Before lenders settle on the terms of your home loan, there are two crucial elements that they must ascertain. The first one is your ability to make timely payments and your commitment to repay the loan. These two parameters employ different approaches.

Your ability to repay is determined using the income debt ratio. However, willingness and commitment will depend on your credit score. The most popular credit scores are the FICO scores, which range from 350 to 850.

Regardless of your income, the repayment is all that matters in the calculation of credit scores. Past payments and length of credit history are other factors that will play a crucial role in the determination of your score.

Keep reading for the best ways to improve your credit score.

Timely Payment of Bills

Timely and full payment of bills has to be a priority if you want to improve your credit score. Since the FICO score is commonly used, your payment history will comprise 35% of your score.

Settling your bills on time should be no point of discussion. If you can, automate everything to be sure that the payments are made on time. If you ever are late with these payments, be sure to bring them current as quickly as possible to mitigate their effects on your score.

Keep Your Old Credit Account

Every now and then, you will be tempted to close your first credit account simply because you are opening a new one. This isn’t a good idea.

The length of your credit history constitutes up to 15% of your credit score. Longer credit histories are usually considered to be less risky than the shorter ones. This is based on the fact that there is adequate data that will be used to determine the history of payment.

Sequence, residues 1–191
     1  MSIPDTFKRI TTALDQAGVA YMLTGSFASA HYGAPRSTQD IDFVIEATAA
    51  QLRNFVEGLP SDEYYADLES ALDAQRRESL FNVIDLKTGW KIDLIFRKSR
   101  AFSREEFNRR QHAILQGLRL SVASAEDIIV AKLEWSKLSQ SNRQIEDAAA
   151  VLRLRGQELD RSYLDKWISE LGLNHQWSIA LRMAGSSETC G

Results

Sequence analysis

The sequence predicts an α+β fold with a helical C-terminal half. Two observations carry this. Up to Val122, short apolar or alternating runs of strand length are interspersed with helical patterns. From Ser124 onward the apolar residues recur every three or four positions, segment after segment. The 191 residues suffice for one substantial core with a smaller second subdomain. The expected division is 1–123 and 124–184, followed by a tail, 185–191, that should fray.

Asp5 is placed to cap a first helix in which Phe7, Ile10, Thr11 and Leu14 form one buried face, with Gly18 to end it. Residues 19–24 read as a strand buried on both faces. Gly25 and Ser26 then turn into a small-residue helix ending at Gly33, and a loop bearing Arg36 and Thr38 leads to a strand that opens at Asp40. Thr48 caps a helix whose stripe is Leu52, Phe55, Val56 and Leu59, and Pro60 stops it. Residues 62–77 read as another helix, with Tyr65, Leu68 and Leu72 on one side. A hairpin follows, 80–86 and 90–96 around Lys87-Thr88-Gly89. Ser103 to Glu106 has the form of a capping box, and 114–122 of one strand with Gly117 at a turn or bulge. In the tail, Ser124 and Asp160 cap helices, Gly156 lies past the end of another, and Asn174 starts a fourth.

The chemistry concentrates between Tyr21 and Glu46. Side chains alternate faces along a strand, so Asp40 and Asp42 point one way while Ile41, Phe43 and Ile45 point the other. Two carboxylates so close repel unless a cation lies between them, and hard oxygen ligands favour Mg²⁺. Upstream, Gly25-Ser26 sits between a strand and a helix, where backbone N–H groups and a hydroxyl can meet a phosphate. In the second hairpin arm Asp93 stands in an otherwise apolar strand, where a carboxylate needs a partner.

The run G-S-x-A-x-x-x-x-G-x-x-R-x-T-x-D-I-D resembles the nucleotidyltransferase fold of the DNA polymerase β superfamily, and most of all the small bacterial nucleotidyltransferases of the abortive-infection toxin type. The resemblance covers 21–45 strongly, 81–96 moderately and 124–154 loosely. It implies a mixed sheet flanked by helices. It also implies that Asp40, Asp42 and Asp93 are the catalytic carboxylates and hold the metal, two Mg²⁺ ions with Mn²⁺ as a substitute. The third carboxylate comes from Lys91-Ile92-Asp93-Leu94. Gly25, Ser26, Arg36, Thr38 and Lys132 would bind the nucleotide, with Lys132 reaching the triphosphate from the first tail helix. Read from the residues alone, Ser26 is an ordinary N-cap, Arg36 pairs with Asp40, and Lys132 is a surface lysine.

However, be sure that the credit cards you keep open do not cost you any money. As long as they are open, they will go a long way in elevating your credit utilization ratio. At times, having fewer accounts may adversely affect your credit scores. Having available, unused credit limits shows lenders you can manage your finances responsibly.

Dispute Any Misleading Information

It’s a good idea to check your credit report once a year. In rare instances, you may notice some misleading information in your report. In such cases, confront the relevant authorities and have them make corrections where needed. However, these changes cannot be made when you are going for the mortgage. You’re allowed one credit report check yearly without penalty, so use it to your advantage.

Do Not Apply for New Cards

Applying for new credit cards while you’re trying to buy a home isn’t a good idea. Each application brings about a hard inquiry on your report. Having multiple applications for new cards means that there will be several hard inquires which will adversely affect your credit score, not to mention increase your revolving credit availability. Lenders will consider this when you apply for a mortgage. While having unused credit available can show lenders you are financially responsible, having too much available can have the opposite effect.

So how long does it take to rebuild a low credit score? While it takes just a single default to earn yourself a bad rating, it takes you years to build it. If you find yourself in such instances, the best you can do is make timely payments when needed and remain patient as the credit score builds over time.

People often feel like they’re not in a financial position to buy a home, but that might not be true. If you have a good credit history and a steady job, you may be closer to owning a home than you realize. Stop throwing money away on rent and talk to one of our mortgage specialists today!

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